What accruals are and how to post them in FreeAgent.
Under UK accounting rules, you need to put costs that your business incurs into your profit and loss account at the point when the business uses what it's paid for - which is not necessarily the same as when the cost was paid.
Often you'll pay costs such as electricity and telephone bills in arrears. For example, you might pay your business's office electricity bill of £300 on 1st May 2010, but this would be for electricity that the business used between 1st February and 30th April 2011.
So if your business prepares accounts to 31st March each year, then if you just include your electricity in your accounts at the point when you pay for it, there will be two months' worth of cost missing from your accounts to 31st March 2011, and therefore your profit will be too high and you'll pay too much tax, because part of your electricity payment relates to February and March 2011.
So you need to put the £200, two months' worth of your electricity bill, into your profit and loss account as at 31st March 2011.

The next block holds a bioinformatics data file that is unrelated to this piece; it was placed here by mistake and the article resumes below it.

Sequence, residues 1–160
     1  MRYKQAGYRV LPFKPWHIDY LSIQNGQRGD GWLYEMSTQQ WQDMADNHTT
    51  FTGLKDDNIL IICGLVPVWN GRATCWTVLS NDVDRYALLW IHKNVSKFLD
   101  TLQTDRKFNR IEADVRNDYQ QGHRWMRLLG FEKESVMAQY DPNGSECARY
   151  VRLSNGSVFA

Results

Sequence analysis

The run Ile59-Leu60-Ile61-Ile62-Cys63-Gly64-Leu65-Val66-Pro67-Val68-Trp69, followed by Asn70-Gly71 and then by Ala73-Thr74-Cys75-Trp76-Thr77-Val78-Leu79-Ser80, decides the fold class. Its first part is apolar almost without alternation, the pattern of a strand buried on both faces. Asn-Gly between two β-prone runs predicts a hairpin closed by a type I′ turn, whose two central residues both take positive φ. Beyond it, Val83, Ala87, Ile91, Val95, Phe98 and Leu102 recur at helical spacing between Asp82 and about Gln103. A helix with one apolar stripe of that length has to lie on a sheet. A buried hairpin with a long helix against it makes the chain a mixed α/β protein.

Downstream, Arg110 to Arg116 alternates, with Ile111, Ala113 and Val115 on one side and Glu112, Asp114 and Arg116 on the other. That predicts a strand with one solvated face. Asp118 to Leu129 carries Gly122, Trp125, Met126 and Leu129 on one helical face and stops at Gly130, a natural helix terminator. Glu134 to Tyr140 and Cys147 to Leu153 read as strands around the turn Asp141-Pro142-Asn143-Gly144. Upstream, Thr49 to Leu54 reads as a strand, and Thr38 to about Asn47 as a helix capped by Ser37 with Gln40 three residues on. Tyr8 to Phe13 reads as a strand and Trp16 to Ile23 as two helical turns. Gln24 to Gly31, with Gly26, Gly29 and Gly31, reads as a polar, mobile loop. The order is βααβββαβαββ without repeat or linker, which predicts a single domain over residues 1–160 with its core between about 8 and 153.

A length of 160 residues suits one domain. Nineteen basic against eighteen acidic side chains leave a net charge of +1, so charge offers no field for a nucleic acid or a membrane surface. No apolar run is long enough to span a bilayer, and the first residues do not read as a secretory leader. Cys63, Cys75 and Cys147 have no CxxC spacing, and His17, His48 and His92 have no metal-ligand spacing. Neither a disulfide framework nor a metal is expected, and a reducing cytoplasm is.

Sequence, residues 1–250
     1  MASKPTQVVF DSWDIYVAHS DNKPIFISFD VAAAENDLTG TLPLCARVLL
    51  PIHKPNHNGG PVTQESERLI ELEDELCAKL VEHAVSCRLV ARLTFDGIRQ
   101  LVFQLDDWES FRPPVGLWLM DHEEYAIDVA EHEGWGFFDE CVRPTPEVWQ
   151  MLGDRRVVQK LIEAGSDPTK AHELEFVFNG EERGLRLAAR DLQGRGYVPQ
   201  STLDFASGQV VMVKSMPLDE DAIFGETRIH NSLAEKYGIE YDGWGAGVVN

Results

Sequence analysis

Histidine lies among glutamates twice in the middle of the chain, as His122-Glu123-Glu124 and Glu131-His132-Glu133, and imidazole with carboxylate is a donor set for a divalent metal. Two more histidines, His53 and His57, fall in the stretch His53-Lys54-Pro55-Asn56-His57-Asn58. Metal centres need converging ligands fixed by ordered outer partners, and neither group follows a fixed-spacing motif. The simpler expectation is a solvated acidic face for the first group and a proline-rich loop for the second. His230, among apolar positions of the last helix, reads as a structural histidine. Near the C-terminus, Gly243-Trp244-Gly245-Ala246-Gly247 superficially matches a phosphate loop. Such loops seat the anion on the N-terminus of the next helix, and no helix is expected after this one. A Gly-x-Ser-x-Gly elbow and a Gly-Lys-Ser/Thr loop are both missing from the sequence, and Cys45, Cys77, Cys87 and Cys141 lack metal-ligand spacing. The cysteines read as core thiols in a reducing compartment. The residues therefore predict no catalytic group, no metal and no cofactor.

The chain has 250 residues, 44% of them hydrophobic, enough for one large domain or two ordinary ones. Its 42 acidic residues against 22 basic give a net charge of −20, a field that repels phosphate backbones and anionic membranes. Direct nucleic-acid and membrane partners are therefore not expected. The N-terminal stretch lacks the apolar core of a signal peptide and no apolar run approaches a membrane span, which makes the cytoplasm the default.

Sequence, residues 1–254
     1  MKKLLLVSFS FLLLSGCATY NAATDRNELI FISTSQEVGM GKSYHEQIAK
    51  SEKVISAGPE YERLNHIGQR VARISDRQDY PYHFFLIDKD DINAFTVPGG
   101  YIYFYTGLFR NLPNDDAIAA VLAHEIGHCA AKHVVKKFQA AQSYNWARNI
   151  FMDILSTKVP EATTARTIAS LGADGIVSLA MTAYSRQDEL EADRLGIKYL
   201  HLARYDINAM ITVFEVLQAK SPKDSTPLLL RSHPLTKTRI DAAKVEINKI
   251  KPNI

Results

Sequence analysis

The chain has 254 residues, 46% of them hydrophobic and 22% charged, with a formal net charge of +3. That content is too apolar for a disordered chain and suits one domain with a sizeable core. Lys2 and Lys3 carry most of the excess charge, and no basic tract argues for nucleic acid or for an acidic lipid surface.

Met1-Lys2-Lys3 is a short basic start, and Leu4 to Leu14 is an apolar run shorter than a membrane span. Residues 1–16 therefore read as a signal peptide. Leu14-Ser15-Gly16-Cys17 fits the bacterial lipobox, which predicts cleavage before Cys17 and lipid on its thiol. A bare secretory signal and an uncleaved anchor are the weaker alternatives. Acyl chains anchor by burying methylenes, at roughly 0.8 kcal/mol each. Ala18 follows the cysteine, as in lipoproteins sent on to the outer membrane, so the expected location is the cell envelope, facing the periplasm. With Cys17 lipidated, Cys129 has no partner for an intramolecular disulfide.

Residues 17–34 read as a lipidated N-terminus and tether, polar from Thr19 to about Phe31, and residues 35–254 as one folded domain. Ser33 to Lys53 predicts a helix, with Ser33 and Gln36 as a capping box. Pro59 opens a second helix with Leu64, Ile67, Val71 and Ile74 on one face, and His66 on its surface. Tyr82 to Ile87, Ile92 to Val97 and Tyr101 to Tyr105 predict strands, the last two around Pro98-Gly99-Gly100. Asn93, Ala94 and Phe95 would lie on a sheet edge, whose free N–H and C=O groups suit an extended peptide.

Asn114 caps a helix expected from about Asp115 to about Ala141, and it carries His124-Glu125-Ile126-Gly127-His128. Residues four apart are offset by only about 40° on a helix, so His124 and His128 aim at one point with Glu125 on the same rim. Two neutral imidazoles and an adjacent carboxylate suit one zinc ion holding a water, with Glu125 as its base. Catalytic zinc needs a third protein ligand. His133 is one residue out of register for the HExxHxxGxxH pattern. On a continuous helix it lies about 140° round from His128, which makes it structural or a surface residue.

This is called an accrual.
Some larger businesses post monthly accruals, but in smaller businesses it's more common to post them each year.
The £200 will be paid for in the year to 31st March 2012, so you'll also need to make sure you take it out of the profit and loss account for that year. Accountants call this "reversing" the accrual.
To post an accrual in FreeAgent, use journal entries.
In the above example, I would post two entries for the original accrual of £200, dated 31st March 2011, to debit the code where the cost will go, in this case 250 Office Costs, and credit code 660 Accruals.
To reverse the accrual, post another pair of journal entries for the same amount, dated the first day of your business's new accounting year, in this case 1st April 2011.
These would be the reverse of the first pair, in other words, credit the code where the cost will go, in this case 250 Office Costs, and debit code 660 Accruals.
Use the VAT exclusive figure from the bill when you work out accruals - unless you're on the VAT flat rate scheme and the accrual isn't for a large asset, in which case you should use the VAT inclusive figure.
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